For those who have followed this blog, I have discussed the significance of passing the milestone of 700 birds in a calendar year in the full ABA area. Last year I did some research, and based on American Birding Association data, and Wikipedia, as best I could determine, only the following 11 people have seen at least 700 birds in a calendar year:

1) Benton Basham in 1983, 710 birds
2) Sandy Komito in 1987, 721 birds
3) Steve Perry in 1987, 711 birds
4) Bill Rydell in 1992, 714 birds
Sandy Komito in 1998, 748 birds (full ABA area record)
5) Greg Miller in 1998, 715 birds
6) Al Levantin in 1998, 711 birds
7) Dan Sanders in 2005, 715 birds
8) Lynn Barber in 2008, 723 birds
9) Bob Ake in 2010, 731 birds
10) John Spahr in 2010, 704 birds
11) Chris Hitt in 2010, 704 birds in just the lower 48 states (record)

So John should soon be joining a quite small group of birders in the "700 club". I have also mentioned that Matt Stenger is doing a full ABA big year, and provided a link to his blog (716birds). Matt recently passed the 600 bird level. Finally, Gabriel Mapel, an 11 year old from Virginia, is doing what he calls a junior big year (see his blog link). He is currently in Alaska, and has reached this week 334 birds for the year.

Back to the gray hooded gull, I will keep checking to see if it is still at Coney Island over the next few days. I might make a quick trip up soon, or since I am going to Brooklyn on August 17th, I might wait to see if I am lucky enough for it to hang around until then. Stay tuned!

Monday, August 1, 2011

2 Days of Pelagic Birding Out of Hatteras, NC

This year has been a phenomenal spring and summer for white-tailed tropicbirds off of the outer banks of NC. As a result, I decided to do 2 pelagic trips this past weekend on a boat captained by Brian Patteson that is based at Hatteras, NC. Like Debi Shearwater on the west coast, Brian is the predominant pelagic bird trip provider on the east coast. I have been out with him over 20 times in the past 10 years, including 9 days as part of my big year in 2010.

Even though I really do not like summer pelagic trips because of the intense heat and humidity I wanted to go out in hopes of finding a mega-rarity like black-bellied storm petrel. I also knew that John Vanderpoel who is doing a full ABA big year in 2011 would be on the boat. I have been following his blog and progress during his big year, and wanted the opportunity to be able to talk with him about it.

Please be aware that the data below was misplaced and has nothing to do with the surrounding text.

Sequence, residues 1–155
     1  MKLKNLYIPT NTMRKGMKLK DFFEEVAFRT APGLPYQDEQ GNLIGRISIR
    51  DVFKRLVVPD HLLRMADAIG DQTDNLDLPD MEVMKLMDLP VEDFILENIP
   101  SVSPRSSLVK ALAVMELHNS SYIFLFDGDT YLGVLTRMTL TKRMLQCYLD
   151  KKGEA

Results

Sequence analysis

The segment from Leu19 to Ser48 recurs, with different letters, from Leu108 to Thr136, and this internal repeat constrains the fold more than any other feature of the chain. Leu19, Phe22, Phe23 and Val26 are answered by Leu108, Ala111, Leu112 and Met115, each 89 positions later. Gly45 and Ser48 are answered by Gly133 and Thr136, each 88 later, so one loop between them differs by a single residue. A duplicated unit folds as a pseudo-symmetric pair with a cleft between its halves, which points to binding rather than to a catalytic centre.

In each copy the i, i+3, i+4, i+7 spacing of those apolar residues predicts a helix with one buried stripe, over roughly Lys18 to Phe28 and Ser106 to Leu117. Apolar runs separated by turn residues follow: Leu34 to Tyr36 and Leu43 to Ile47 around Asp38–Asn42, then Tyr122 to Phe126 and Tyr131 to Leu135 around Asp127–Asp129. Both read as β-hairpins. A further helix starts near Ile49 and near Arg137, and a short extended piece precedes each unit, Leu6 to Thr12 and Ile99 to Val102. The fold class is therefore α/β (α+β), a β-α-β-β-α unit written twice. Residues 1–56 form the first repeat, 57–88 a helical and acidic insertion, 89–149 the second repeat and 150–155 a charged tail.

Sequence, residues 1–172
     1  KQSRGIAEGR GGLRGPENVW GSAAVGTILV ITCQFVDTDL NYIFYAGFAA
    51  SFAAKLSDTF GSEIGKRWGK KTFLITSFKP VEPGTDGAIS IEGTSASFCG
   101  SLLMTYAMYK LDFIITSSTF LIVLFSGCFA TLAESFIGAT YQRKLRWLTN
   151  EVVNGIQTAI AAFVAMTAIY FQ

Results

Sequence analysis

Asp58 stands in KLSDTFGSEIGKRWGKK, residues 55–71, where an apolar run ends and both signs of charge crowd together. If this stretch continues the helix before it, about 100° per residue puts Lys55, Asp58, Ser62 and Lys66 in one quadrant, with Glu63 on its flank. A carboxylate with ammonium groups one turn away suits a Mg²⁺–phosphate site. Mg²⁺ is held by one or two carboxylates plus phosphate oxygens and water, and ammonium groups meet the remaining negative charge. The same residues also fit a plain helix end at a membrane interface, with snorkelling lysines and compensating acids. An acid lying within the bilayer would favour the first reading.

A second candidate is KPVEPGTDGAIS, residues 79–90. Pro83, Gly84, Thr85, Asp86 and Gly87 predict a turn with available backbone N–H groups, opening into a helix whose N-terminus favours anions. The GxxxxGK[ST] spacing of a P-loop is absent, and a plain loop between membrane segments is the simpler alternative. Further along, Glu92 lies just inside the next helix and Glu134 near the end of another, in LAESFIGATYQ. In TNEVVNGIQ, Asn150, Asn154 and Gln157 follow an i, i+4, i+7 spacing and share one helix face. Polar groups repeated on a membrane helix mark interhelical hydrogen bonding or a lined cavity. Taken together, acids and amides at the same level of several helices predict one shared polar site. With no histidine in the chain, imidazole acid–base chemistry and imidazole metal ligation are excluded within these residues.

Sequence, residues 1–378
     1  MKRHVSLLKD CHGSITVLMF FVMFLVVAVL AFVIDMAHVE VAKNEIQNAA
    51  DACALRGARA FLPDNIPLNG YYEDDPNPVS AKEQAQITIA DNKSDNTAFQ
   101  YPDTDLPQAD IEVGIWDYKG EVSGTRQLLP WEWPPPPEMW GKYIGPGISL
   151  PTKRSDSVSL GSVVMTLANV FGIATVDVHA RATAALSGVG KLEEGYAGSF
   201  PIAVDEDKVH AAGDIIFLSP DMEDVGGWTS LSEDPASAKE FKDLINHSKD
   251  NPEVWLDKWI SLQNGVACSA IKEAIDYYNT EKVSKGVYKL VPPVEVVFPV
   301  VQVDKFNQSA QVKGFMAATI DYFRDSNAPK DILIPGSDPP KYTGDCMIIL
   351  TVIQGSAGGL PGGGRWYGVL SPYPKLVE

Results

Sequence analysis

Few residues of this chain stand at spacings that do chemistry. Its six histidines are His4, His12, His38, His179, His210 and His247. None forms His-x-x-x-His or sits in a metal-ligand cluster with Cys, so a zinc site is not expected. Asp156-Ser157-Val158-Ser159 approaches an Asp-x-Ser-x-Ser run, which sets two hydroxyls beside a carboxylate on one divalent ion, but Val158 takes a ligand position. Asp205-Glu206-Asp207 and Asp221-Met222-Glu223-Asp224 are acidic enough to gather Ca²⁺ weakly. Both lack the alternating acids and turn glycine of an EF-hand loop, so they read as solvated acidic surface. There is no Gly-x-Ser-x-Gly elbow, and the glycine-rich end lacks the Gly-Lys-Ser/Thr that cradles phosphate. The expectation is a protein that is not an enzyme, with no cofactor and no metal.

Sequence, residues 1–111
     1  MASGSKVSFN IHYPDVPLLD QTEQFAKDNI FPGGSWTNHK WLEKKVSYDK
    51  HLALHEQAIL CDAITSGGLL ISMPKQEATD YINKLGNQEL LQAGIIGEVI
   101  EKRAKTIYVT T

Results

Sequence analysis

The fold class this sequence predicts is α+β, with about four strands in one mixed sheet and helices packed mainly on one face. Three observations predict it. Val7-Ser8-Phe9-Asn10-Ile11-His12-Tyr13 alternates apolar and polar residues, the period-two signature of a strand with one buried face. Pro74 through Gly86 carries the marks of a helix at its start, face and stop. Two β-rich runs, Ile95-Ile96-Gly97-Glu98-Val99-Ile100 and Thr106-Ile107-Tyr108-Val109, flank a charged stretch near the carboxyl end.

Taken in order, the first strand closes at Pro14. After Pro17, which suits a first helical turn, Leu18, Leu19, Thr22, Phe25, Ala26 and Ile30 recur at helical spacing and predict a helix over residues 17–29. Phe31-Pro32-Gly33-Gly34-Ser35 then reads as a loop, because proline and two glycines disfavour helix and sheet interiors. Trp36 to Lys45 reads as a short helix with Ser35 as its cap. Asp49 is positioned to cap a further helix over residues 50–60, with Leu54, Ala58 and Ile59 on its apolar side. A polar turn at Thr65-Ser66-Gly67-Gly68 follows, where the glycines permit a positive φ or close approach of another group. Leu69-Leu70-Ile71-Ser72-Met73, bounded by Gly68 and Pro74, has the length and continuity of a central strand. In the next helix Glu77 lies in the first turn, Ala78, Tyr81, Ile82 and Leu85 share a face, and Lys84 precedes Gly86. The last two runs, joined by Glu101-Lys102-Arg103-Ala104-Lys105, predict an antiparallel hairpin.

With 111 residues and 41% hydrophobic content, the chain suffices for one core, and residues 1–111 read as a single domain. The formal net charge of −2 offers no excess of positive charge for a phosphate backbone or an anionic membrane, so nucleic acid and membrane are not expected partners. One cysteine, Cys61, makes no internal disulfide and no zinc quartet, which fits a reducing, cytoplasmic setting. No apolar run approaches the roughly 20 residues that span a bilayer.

We left the dock at 5:30 Saturday morning with high expectations. John had his fingers crossed that he would get 5 or 6 new birds for his big year. The photo above is of a group of Cory's shearwaters with one smaller audubon's shearwater floating with them--click on any photo to enlarge.

During the day we would occasionally have bottlenose dolphins swim by the boat. Once the fish oil slick is started, which is usually about 8-9 AM, we begin to get a good group of wilson's storm petrels following behind the boat over the slick (photo just below). Your hope is that a rarer storm petrel will also show up. Over the 2 days we only had fleeting glimpses of a couple of band-rumped storm petrels.

We did get a fair number of great shearwaters (photo just above), and black-capped petrels. We had one fly by parasitic jaeger on Sunday. But the highlight of the 2 days was yesterday morning about 10 AM when a white-tailed tropicbird came into the boat, circled us a couple of times, flew off but quickly returned for one more loop before flying on its way. Unfortunately I was not able to get a photo of it, but if you use the link in the right column of my blog to go to John's blog (big year 2011) you can see the photo he took of the tropicbird.

John was quite pumped since this is the kind of very rare bird he needs to build up a big total number of birds seen during his big year. The tropicbird plus Cory's and greater shearwater, and black-capped petrel raised his year total to 690. Over the 2 days we had a chance to compare notes on our respective big years sharing some of our more memorable birding days.

John is out on the boat again today trying for more rarities. Then tonite he will be driving from Hatteras all the way to New York with 2 other birders in hopes of seeing a gray-headed gull that was found at Coney Island a few days ago--this gull is a South American bird, and is only the 2nd one confirmed to have visited the US. If the gull is reported again today I will be flying up to NY to join them. Stay tuned!